Poetry Jobs Two Poets Are Surprisingly Doing
Poetry jobs aren’t exactly plentiful. And yet two recent stories tell of poets who’ve found unique ways to make a living with their art.
First is Ariane Cyusa. She was working as a nurse when she discovered she could write poems that helped people cope.
That’s when she started a business called Feel and Heal Poetry, a full-service poetry business.
Through Feel and Heal Poetry, Cyusa delivers poems written for individuals and provides personal writing lessons. Cyusa also hosts writing workshops.
Cyusa quit her nursing job. She now runs Feel and Heal Poetry full time.
Maybe most surprising about Cyusa’s story is that she didn’t learn English until she came to the U.S. when she was 11. She previously lived in Russia and Rwanda.
But by reading books such as The Babysitter’s Club (paid link) and Goosebumps (paid link), Cyusa learned the language with which she now makes a living.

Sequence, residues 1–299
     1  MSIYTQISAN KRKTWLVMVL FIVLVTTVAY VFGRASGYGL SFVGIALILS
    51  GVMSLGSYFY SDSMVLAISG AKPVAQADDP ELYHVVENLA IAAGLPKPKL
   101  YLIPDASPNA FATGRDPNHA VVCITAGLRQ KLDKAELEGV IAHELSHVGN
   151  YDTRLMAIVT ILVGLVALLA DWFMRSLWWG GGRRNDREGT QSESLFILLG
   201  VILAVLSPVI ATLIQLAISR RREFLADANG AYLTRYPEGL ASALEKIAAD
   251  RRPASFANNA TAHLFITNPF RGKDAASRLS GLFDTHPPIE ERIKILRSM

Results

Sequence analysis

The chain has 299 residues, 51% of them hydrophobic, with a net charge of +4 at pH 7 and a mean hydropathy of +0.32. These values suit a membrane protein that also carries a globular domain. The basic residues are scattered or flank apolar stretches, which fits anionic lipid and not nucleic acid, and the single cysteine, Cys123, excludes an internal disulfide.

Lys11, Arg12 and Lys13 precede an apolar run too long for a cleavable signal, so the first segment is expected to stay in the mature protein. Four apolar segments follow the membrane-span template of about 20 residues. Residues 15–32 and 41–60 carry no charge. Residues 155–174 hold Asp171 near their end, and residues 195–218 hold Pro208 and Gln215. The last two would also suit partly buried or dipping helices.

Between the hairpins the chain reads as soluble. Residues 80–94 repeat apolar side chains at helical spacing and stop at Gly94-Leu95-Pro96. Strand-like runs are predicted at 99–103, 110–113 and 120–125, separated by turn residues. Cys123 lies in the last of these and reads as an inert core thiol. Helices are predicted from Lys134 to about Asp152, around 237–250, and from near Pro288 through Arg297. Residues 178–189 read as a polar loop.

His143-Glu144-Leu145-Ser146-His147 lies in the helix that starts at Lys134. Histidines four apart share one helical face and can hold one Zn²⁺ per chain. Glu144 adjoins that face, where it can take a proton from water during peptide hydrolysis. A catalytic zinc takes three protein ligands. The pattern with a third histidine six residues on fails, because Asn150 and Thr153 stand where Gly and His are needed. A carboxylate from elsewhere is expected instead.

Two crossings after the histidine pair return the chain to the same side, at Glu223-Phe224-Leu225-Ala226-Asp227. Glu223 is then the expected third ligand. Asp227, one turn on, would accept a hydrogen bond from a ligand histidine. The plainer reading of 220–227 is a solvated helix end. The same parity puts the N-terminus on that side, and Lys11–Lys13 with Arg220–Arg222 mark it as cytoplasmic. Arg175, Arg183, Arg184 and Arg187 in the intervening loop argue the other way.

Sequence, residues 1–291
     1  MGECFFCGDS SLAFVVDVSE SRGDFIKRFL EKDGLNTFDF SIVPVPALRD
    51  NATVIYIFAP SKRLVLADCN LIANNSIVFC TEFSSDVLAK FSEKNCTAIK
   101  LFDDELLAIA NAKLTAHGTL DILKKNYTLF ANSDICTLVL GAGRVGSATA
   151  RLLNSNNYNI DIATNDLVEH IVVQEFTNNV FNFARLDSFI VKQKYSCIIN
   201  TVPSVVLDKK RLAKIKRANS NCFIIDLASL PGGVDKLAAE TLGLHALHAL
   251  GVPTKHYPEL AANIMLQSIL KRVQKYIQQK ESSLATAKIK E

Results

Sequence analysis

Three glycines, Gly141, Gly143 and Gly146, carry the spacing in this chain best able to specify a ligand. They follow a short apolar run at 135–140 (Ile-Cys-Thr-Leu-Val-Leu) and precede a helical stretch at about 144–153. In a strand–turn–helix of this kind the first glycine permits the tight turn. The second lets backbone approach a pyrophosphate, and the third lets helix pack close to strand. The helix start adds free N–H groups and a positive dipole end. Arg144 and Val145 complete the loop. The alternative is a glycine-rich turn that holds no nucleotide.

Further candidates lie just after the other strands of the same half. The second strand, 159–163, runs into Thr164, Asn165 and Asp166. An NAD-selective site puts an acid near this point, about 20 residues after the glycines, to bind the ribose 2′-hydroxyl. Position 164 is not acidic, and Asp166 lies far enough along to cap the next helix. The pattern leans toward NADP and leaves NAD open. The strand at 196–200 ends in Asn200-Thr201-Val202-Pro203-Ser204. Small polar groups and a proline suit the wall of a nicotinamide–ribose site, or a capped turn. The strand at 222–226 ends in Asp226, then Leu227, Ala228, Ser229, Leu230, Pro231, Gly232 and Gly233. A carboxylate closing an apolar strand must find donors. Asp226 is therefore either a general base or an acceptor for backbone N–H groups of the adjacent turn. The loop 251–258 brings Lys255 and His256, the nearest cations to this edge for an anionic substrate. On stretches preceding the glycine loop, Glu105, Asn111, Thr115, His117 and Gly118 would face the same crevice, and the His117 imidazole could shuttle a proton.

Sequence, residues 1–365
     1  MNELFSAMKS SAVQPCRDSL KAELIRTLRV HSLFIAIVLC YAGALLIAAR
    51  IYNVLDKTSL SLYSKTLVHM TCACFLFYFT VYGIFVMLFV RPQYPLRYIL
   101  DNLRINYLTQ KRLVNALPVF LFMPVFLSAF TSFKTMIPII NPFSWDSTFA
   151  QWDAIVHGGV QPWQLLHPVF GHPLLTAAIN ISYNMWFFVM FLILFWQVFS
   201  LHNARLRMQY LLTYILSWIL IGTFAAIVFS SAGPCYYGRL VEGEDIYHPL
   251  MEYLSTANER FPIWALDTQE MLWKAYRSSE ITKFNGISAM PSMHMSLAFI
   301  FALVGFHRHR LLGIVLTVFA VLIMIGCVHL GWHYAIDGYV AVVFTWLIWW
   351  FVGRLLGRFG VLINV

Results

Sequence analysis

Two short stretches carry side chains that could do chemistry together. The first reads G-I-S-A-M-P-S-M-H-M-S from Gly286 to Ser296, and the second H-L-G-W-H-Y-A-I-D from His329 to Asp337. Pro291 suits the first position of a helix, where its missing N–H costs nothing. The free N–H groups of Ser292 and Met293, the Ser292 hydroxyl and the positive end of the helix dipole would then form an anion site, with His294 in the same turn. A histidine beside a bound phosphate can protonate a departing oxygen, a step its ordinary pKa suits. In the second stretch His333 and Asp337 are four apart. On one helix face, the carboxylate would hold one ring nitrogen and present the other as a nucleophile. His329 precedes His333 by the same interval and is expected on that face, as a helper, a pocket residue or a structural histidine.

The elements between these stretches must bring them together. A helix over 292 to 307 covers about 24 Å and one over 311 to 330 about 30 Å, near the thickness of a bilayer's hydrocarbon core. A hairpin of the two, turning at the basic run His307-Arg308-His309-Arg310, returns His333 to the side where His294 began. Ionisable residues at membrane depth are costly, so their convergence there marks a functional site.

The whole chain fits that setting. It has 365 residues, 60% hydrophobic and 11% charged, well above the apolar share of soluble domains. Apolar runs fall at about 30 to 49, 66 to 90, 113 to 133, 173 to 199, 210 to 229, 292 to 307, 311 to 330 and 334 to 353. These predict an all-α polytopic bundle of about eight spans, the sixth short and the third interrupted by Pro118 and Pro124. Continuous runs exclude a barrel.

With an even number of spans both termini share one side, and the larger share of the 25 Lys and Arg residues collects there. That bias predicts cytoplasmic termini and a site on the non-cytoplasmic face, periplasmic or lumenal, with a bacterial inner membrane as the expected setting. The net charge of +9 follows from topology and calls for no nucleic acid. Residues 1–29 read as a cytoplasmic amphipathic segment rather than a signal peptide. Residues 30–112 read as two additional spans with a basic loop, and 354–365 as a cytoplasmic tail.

As an adult, Cyusa overcame homelessness and alcoholism to become a nurse. And now she’s a self-employed poet.
Poetry Jobs: Waffle House Poet Laureate
The story is a little different for Karen Head. She’s had conventional poetry jobs. For example, she teaches poetry at Georgia Tech.
But Head is now fulfilling a unique role. She’s the poet laureate for the diner chain Waffle House.
Head became Waffle House’s poet laureate because she wanted to help make rural teenagers in Georgia more aware of college.
So she proposed to the Waffle House Foundation, the nonprofit wing of the company: She would travel to 12 rural Georgia high schools and share her story of being a first-generation college student.
The Foundation agreed to fund her proposal.
“They agreed to fund my idea and mailed me a Waffle House nametag with an official title, Waffle House Poet Laureate,” Head said.
Head herself used to write poetry in Waffle Houses, but she doesn’t do it as much anymore.
“Now that I’m in my 50s, I’m much more easily distracted,” Head said.